Academic journal article Business Economics

Focus on Industries and Markets Business Economics and the Printing Industry

Academic journal article Business Economics

Focus on Industries and Markets Business Economics and the Printing Industry

Article excerpt

The printing industry has a large economic footprint that is dispersed through all 50 states. Based on the work of the Center for Print Economics and Market Research of the Printing Industries of America, this paper describes and analyzes the industry's segments, functions, and processes; macroeconomic drivers and competition; industrial structure; profitability; and prospects.

Business Economics (2014) 49, 122-126.

doi: 10.1057/be.2014 .9

Keywords: printing industry economics, printing industry profitability, printing industry competition, printing industry structure

This article provides an overview of the printing industry from the perspective of the Printing Industries of America (PIA), a trade association and nonprofit foundation. (1) Much of the analysis in this paper is based on key tracking metrics the association provides to its members.

1. A Large Industry Economic Footprint

The printing industry's aggregate economic footprint is very large. The PIA definition of the industry includes printing and related support activities (Economic Census code 323) plus print-related media (Economic Census code 511). Print-related media includes newspapers, periodicals, books, directory and mailing lists, and greeting cards, and covers only activity directly related to print.

Table 1 provides detailed information on the industry's economic footprint. In total, the industry produces approximately $156 billion in output annually. There are around 47,000 establishments in the industry, employing slightly less than one million employees. The average facility has around 20 employees and $3.3 million in annual sales.

Table 1. Print's Economic Footprint in the United
examin States (2012 Estimate)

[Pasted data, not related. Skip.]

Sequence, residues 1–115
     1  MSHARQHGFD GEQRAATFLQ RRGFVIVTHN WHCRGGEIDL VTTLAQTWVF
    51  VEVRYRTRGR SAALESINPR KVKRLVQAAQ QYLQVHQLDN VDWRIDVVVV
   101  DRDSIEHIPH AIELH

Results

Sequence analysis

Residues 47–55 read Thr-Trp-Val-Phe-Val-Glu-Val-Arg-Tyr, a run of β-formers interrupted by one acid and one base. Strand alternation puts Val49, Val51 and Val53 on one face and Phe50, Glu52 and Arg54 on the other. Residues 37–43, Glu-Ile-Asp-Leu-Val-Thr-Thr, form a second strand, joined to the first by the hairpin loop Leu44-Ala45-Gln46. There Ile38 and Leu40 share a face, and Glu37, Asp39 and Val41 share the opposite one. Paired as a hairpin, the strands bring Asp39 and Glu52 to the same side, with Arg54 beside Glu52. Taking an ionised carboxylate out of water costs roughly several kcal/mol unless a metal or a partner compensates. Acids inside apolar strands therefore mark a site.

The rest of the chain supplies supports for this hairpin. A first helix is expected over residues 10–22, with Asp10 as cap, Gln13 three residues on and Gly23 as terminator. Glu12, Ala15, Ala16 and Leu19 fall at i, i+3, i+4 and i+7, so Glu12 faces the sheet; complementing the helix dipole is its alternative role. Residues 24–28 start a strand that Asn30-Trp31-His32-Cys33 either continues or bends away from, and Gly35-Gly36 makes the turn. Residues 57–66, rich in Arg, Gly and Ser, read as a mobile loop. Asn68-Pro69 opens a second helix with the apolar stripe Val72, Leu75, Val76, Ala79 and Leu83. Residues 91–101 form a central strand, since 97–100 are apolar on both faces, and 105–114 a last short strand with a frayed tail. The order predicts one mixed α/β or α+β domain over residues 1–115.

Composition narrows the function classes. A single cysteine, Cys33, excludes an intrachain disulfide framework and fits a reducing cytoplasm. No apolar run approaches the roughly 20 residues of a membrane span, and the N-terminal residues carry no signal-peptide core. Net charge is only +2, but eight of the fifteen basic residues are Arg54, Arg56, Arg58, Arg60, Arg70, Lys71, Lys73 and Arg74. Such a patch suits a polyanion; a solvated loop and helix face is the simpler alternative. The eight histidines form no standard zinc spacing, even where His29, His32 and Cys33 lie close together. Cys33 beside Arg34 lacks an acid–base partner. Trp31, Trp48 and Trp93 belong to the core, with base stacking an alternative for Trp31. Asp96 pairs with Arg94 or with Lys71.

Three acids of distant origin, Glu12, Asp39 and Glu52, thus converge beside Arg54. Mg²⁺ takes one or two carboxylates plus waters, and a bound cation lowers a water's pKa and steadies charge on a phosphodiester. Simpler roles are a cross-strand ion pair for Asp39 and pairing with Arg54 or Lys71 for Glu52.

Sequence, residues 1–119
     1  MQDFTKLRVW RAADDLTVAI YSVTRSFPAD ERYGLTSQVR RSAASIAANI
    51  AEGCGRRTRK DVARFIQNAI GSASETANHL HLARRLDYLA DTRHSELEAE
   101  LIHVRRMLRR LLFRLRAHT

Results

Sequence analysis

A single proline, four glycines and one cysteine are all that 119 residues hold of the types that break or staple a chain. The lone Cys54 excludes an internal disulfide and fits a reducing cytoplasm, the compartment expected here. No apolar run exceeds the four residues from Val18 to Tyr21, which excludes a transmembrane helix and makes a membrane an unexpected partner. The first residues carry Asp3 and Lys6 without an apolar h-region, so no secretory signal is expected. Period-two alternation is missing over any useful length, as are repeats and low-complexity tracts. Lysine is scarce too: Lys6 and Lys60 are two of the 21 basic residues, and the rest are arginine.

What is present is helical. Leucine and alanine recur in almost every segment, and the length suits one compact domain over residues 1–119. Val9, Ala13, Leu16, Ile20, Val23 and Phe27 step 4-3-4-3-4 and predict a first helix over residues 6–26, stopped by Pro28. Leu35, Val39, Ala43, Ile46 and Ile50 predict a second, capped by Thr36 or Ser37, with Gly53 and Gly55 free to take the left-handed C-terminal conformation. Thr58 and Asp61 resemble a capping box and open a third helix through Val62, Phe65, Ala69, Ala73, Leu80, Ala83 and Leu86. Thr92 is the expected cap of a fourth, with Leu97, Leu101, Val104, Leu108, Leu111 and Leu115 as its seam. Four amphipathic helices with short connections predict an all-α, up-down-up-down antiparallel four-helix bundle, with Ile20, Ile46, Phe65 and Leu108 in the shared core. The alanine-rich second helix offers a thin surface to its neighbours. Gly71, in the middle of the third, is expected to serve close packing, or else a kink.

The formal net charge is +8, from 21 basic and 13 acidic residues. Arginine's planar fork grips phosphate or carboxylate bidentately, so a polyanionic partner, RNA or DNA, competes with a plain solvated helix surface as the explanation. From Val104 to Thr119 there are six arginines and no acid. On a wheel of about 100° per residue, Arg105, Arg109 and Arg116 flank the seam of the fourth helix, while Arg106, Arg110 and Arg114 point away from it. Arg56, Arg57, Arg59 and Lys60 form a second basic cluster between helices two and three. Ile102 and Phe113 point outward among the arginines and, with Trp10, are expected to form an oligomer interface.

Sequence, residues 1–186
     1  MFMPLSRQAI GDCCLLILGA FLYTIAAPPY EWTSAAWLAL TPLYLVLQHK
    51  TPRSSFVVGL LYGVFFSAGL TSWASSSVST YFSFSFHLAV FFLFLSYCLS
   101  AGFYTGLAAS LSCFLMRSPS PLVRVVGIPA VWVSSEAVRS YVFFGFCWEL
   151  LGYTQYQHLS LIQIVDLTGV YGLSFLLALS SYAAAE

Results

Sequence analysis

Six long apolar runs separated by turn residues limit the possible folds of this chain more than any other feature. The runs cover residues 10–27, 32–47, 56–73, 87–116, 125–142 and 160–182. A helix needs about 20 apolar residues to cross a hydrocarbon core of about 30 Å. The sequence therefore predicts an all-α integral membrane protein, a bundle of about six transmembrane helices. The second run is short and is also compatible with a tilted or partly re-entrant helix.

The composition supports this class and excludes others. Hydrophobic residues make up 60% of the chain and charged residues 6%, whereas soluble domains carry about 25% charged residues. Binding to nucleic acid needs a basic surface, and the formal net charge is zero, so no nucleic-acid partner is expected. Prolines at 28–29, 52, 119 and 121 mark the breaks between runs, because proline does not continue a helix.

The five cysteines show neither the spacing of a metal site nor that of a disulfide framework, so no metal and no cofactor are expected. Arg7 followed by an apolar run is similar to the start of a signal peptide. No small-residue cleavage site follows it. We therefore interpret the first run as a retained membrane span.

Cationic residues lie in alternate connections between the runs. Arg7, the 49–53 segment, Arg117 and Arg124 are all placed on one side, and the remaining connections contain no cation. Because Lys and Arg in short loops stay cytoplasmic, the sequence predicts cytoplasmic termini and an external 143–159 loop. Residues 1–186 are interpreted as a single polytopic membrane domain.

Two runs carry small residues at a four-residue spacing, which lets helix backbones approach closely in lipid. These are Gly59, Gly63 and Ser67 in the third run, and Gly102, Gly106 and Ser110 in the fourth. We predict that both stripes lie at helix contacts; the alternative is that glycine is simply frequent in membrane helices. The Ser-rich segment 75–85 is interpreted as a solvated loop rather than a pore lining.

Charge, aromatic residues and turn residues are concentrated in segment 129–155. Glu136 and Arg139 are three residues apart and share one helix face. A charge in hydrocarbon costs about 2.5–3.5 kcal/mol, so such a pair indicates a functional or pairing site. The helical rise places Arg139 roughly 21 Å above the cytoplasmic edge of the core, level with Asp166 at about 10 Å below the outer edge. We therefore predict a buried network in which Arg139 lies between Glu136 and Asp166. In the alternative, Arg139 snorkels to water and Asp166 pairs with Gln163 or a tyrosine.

Printing and related support activities

Shipments ($ billions)             $83.27

Shipments per plant ($ millions)    $2.97

Establishments                     27,977

Employment                        476,993

Print-related media

Shipments ($ billions)             $73.91

Shipments per plant ($ millions)    $3.80

Establishments                     19,154

Employment                        489,612

Total commercial printing and print-related media

Shipments ($ billions)            $156.18

Shipments per plant ($ millions)    $3.31

Plants                             47,131

Employment                        966,605

2. Industry Segments by Functions, Sectors, and Processes

Within the printing industry's overall economic footprint there are significant dynamics, and the PIA provides its members various perspectives. Its research divides print markets by function, processes, and sectors.

In terms of function, although many print products and services provide multiple functions, we sort by three major intended functions:

* Print intended to inform or communicate factual and editorial information such as magazines, newspapers, books, and reports.

* Print providing product logistics to manufactured products--packaging, labels, wrappers, and product user manuals.

* Print intended to market, promote or sell various products, services, political candidates, positions, or ideas--marketing and promotional print such as catalogs, direct mail, and brochures.

The logistics function is the highest growth function as this function has no digital competitor. Next in terms of strength is the marketing and promote function since print still provides effective marketing. The inform/communicate function is the weakest in terms of sales, as it is most impacted by digital competition.

The print industry market is divided into 31 product and service categories for the PIA "demand index," which is calculated by subtracting the proportion of panelists experiencing a drop in demand from the proportion experiencing an increase. Its 11 hottest markets have a demand index in excess of 50. A common theme in many of these hot markets is that they are web-based and focused on nonprint marketing services. …

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